This functional change is immediate, and it is sustained if the responsible stimulus is maintained: however, no hard-structural changes occurs in neural circuits, making unmasking a special case of neuroplasticity. Unmasking is an extreme instance if a normal function of neural circuits adapting to fluctuations in sensory input. These changes are only permanent to neuroplasticity, not neurodevelopment.
Sensitive and Critical Periods of Development
Sensitive and Critical periods are times when a change in environmental input from what is normal for the organism leads to consequential changes in the brain and behavior, when that same input during a different developmental period would likely lead to much less or even no change at all. Such periods are critical when a specific development must occur or it never would occur at all, and sensitive when it simply requires more input later to change. Neuroplasticity Beyond the Juvenile Period by Angeline S. Lillard and Alev Erisir.
Puppies in their critical development period which ends at week 21 (5 months) are well known to benefit from enriched environments and positive social experiences with humans and other dogs, what many people are not instructed to do is proactively counter condition puppies to sudden changes in the environment, but they should as that can be crucial for habituation to novel stimuli and that will pay big behavioral dividends as the dog develops into adolescence.
As has been illustrated in this blog, the hippocampus is a major player in habituation, learning, mediating startle and sudden changes in the environment, by proactively counter conditioning and working to reduce stress, the puppy will be learning more efficiently during stress. Thus, the puppy develops better coping mechanisms and better neurological processing of stressful or fearful events. Often, people report that dogs are behaviorally “more challenging” during adolescence. By having an acute awareness to a puppies environment and implementing a overly proactive counter conditioning protocol, many challenges and fears that arrive for dogs in adolescence could be avoided or drastically decreased.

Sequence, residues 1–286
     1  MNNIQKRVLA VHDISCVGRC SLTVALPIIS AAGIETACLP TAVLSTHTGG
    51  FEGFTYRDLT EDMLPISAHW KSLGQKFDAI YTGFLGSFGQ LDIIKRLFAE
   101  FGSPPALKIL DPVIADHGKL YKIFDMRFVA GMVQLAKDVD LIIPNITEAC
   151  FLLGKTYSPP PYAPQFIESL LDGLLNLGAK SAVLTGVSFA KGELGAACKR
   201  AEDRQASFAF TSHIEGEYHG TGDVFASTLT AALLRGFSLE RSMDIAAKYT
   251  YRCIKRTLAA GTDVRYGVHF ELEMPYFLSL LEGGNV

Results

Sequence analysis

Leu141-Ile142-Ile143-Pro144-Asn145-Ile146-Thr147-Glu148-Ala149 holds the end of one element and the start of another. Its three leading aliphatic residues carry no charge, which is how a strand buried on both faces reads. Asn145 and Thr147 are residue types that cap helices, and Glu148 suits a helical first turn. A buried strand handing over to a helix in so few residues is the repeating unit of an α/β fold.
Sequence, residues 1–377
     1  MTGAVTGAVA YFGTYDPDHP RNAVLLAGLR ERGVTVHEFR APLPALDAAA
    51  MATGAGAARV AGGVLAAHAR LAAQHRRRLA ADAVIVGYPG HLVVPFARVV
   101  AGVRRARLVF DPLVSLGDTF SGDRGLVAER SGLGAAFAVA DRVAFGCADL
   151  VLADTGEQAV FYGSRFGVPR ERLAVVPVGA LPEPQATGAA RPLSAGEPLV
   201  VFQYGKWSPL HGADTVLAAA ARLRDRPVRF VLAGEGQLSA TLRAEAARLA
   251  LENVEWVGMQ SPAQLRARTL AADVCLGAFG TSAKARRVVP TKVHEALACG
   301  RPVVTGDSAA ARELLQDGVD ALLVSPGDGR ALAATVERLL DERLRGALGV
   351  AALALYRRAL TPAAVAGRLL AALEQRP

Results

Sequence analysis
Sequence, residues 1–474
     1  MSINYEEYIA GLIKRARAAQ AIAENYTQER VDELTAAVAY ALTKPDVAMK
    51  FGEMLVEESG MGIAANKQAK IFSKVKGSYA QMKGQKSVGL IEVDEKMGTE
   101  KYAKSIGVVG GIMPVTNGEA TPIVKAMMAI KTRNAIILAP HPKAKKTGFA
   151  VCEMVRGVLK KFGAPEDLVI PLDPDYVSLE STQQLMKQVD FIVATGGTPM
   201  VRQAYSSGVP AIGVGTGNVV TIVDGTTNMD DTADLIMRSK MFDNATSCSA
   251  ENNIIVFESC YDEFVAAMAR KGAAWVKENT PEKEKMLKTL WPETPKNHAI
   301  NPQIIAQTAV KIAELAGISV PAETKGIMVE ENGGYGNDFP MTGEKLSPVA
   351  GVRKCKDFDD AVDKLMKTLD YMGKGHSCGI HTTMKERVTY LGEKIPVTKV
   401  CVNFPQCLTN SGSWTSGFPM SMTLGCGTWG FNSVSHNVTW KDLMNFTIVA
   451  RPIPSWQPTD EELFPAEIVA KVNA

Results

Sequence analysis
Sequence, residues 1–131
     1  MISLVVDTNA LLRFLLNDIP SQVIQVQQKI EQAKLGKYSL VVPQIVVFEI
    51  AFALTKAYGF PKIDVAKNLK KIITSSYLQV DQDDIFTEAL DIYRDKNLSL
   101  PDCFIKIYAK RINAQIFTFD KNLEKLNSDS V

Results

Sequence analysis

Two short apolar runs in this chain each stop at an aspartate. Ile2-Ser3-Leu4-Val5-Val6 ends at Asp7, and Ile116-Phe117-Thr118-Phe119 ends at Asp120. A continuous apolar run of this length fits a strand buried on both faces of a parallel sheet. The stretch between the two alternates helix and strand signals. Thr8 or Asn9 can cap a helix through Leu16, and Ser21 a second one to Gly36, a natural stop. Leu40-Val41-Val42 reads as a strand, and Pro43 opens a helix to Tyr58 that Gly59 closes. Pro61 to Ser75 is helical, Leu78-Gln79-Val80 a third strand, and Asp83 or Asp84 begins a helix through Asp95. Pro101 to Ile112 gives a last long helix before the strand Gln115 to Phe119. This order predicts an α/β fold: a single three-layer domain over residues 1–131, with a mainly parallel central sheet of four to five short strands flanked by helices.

Adolescence, is roughly from 5 months through to a year, then the juvenile phase of development occurs, and the dog is roughly “socially mature” around 2-3 years of age, larger breeds/mixes mature a bit longer. One of the most challenging times for canine development is adolescence, this is due to a proliferation of neurological development during the “teen years”. As the brain changes in adolescence it “prunes” neuronal structures and connections, thus forming the mature adult dog brain somewhere between 2 – 3 years of age. Remember all dogs are a study of one, and environments play a huge role in the development of dogs.
This sensitive/adolescence period is a time many people report their dog has “forgotten” cues, “tunes out”, and is more challenging than when they were puppies.
This is due a new load of neural activity. Many times, puppies “come out of their shell”, or develop more confidence in their adolescent and juvenile phase, and this can be a time when leash reactivity starts occurring.
Memory recollection is crucial for all dogs, and this is related to many areas of the brain. Dogs operate largely from working memory. This can be enhanced as any other processes of the brain are by away of helping the dog through stressful events, be they leash reactive or general stress associated with life in the hectic 21st century.